By Anna Allen, '16
No matter what your interest is, at UR there’s probably a student organization for it. One such group gaining recognition both on campus and in the community is the Society of Physics Students. The group hosts events and activities designed to demonstrate how physics plays a role in our everyday lives.
“We host what we call deconstruction night, where we get a bunch old electronic appliances and we take them apart and see what they look like on the inside and how they work,” says chapter president Isaac Rohrer, ‘15.
Vice president Logan Knoerzer, ’15, explains that, “if you put an appliance back together and it works again, you get to keep it.”
The group’s efforts to share their love for physics have not gone unnoticed. UR’s Society of Physics Students was recently recognized by the national organization as an outstanding chapter for the second year in a row. The award means a lot to Rohrer and Knoerzer, as well as secretary Kristen Gell, ’15, who have worked hard to make the group a fun and accessible environment for all.
Membership in the Society of Physics Students is open to all students. “We have a contact list of around 60 or so kids who always get notifications from us about events, and national newsletters about physics-related conferences, jobs, and research opportunities,” says Rohrer. “And then we have a core group of 25 physics majors who run for office and are regular attendees of our events.”
Those events, open to members and nonmembers alike, range from observing astronomical objects using the eight-inch diameter telescope and the observatory on the roof of Gottwald to hosting a puzzle night with mind games.
While the Society of Physics Students focuses mainly on hosting events for their members, they also reach out to share their love of physics with local high school students. Each year they host the Physics Olympics, where local high school students come to campus for competitions created by the physics majors. “We have tasks that we’ve done in the past, but we also create some new ones,” says Knoerzer. “It’s activities like [measuring] who can keep a constant acceleration running across a distance — fun little tasks.”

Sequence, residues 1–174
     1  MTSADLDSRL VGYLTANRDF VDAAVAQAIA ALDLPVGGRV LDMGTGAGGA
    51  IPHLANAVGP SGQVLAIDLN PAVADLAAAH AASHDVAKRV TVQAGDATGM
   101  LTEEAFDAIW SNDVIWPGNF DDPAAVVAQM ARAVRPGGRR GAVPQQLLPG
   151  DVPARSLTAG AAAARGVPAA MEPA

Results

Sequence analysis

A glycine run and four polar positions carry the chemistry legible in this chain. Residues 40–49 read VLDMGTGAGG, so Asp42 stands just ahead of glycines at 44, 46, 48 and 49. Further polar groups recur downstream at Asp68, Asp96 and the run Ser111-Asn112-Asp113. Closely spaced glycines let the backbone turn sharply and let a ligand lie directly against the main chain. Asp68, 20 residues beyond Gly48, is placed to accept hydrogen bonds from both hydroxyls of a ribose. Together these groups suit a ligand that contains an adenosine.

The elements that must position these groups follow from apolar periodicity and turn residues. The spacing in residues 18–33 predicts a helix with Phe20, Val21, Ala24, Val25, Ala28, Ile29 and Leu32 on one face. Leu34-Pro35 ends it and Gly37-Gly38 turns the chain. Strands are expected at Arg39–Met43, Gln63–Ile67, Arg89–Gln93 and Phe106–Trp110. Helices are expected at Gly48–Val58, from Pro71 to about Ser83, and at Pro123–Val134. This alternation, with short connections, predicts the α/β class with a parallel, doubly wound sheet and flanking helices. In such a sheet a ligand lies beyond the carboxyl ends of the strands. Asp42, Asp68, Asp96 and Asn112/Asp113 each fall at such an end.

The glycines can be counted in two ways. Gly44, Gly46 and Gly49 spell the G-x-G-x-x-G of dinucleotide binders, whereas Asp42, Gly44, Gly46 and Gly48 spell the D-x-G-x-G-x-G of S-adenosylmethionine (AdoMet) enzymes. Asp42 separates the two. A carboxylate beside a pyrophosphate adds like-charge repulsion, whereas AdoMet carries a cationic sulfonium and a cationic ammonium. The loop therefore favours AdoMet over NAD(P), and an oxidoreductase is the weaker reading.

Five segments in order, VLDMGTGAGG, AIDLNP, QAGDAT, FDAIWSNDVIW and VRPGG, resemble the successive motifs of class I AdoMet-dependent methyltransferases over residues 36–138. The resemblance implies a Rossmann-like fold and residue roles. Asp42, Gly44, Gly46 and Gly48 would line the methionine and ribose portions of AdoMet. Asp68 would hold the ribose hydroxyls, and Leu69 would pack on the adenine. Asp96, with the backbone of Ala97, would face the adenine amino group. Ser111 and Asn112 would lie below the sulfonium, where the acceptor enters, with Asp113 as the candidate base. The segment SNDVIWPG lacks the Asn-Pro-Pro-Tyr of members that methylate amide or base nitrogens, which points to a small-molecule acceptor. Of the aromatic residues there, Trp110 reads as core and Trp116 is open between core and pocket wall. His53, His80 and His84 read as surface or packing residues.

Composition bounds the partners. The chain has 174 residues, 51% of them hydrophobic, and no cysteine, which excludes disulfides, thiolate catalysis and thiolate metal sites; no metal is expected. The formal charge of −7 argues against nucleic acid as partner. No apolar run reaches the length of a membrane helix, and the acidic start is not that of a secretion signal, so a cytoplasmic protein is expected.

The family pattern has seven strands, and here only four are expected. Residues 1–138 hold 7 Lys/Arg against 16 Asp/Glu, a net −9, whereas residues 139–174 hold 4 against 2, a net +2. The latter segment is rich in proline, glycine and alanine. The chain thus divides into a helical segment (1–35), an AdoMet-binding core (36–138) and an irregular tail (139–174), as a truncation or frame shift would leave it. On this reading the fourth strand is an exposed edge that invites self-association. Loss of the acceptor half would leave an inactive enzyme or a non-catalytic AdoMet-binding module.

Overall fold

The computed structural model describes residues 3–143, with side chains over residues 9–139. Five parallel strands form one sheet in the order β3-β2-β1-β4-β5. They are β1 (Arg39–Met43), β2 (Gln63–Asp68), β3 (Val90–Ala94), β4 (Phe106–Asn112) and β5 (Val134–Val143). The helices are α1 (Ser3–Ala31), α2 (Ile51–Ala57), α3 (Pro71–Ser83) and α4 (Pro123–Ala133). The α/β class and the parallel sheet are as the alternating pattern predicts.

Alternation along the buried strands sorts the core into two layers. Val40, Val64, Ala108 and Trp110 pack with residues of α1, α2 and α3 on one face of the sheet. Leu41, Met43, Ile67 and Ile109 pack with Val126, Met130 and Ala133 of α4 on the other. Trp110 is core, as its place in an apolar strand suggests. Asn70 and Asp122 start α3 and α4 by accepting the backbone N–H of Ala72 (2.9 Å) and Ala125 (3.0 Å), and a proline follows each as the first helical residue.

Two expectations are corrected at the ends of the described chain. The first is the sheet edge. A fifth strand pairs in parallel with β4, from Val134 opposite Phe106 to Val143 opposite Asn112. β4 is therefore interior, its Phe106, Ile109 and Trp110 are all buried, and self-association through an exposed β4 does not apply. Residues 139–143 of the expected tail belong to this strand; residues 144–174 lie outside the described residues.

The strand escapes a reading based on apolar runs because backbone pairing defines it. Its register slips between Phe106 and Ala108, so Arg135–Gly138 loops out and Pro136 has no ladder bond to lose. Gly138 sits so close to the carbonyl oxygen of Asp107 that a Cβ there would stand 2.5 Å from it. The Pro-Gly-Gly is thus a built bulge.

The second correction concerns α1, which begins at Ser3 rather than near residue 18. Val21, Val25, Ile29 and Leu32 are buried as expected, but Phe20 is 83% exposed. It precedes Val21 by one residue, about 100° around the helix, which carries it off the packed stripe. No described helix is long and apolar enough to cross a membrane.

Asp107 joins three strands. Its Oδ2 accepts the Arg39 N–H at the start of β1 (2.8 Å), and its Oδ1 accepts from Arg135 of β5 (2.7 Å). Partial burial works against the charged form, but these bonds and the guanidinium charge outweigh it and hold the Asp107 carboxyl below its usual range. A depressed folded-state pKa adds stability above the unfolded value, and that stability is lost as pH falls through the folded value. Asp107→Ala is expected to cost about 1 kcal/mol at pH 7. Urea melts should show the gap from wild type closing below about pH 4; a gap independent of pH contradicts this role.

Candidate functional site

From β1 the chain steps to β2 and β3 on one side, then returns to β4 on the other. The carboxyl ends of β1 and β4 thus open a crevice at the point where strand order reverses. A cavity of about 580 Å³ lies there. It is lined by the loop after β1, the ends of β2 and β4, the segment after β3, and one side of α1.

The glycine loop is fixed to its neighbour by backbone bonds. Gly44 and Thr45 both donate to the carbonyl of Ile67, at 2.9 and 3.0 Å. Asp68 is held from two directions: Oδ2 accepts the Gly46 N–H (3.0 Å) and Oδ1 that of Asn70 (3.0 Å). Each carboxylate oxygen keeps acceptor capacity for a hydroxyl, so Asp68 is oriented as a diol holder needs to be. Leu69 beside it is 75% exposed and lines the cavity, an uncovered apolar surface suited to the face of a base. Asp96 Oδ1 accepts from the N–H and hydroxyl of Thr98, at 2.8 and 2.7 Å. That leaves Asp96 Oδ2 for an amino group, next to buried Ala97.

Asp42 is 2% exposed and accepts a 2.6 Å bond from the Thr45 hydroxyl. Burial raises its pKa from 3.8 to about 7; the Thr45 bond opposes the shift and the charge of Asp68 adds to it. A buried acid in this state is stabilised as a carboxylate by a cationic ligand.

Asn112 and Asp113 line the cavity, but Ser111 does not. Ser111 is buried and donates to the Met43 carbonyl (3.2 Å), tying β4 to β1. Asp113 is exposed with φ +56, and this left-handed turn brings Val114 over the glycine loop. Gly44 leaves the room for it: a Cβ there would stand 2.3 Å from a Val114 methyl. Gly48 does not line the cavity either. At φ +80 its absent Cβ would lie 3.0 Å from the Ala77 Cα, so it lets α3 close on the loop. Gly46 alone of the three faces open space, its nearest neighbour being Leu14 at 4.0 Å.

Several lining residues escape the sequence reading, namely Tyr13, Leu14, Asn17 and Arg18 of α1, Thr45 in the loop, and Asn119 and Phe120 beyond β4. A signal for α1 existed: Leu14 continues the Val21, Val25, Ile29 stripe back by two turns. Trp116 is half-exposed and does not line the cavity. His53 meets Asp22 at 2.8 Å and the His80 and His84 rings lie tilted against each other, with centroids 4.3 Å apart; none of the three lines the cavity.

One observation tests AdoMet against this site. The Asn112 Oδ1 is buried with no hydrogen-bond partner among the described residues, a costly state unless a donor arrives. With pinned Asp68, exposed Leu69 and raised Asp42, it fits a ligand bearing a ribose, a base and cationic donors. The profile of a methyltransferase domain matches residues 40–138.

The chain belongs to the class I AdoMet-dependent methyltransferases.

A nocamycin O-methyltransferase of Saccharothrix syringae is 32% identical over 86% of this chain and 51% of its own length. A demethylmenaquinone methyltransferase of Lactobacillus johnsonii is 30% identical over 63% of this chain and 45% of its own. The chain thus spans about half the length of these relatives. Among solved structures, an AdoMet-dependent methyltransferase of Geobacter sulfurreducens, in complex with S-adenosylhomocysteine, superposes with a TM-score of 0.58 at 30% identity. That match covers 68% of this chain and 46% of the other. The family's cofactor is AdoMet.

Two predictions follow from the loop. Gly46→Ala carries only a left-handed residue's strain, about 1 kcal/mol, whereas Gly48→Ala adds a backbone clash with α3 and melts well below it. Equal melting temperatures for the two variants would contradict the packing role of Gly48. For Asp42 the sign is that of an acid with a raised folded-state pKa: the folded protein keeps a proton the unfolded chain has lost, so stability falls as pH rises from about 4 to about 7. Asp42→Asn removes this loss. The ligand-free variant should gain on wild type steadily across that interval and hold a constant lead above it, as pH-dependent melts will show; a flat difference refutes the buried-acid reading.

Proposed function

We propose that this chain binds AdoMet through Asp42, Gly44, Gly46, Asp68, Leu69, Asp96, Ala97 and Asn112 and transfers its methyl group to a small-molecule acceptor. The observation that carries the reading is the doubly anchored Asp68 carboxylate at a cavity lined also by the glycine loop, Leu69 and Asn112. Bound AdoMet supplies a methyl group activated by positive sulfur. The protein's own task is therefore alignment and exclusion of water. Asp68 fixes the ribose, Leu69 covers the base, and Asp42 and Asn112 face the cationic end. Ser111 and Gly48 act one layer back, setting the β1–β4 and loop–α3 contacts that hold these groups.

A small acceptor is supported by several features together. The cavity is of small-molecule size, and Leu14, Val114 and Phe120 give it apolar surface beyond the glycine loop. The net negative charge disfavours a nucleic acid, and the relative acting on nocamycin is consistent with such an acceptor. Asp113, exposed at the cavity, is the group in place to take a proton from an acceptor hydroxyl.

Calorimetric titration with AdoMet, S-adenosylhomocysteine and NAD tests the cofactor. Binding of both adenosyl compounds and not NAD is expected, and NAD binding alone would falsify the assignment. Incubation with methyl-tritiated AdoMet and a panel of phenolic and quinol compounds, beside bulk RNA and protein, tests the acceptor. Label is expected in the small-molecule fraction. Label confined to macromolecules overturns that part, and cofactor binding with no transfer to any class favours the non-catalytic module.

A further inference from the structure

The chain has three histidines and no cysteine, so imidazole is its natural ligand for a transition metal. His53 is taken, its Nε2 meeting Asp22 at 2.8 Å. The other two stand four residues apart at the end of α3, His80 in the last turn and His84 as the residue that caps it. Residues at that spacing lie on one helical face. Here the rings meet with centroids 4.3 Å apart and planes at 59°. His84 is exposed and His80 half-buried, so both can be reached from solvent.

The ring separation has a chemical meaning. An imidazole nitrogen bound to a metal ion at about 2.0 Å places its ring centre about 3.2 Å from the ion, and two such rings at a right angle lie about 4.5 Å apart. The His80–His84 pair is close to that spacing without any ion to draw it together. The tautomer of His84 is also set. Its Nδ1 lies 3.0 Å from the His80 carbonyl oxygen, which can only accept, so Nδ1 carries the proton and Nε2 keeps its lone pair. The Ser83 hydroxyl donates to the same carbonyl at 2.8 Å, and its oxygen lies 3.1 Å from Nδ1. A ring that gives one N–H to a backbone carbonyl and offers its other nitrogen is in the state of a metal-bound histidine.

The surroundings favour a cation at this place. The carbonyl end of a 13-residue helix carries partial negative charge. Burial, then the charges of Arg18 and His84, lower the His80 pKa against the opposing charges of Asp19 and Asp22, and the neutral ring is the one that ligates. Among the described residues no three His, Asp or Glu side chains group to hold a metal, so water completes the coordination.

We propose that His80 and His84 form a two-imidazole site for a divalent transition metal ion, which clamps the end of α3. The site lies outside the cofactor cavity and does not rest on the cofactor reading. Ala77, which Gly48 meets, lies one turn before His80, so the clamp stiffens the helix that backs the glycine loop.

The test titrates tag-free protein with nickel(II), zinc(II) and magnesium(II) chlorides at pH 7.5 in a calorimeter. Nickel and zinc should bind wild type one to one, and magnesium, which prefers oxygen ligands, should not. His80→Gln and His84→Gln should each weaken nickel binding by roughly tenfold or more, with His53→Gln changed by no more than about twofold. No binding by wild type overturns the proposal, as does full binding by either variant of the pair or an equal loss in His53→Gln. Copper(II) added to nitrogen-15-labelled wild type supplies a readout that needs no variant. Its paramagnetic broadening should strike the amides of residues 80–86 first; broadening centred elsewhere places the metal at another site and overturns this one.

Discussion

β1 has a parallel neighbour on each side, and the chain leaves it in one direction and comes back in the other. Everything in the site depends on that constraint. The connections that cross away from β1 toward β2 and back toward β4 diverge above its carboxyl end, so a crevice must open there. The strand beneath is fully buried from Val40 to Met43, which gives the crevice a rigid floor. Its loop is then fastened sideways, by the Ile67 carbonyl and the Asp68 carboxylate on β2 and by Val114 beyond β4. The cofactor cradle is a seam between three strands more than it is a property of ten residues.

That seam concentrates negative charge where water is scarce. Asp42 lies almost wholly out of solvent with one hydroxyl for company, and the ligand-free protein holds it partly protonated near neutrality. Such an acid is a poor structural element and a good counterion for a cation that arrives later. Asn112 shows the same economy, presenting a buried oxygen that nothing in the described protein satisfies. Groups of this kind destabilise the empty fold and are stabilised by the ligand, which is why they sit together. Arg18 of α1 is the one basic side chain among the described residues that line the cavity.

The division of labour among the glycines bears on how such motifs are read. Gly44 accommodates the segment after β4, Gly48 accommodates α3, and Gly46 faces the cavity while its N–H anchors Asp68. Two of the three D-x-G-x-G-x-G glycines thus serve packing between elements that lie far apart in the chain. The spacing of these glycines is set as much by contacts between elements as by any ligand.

The group’s main goal is to help everyone realize how they can apply physics to their everyday life. “So much of our modern society is based on really basic physical principles that we learn about in the introductory physics course,” says Knoerzer. “Getting people aware of how applicable physics is — whether it be through making ice cream with liquid nitrogen or getting high school kids to compete in physics-related events — is the key.”
Making physics accessible is important to the group’s members, especially when so many young students are turning away from physics. Knoerzer says it’s usually do to an aversion to math, but Rohrer explains that shouldn’t be a deterrent.
“Even as physics majors, we can both agree that we don’t really like math,” says Rohrer. “We use a different kind of math — we don’t work with numbers, we work with letters and symbols.”
Knoerzer hopes as the group evolves, they’ll have more chances to raise awareness and interest in physics, both on campus and in the community.
“I’d love to continue to include more people in these sort of activities,” Knoerzer says. “The events we host excite people about physics, which is something we’re really passionate about.”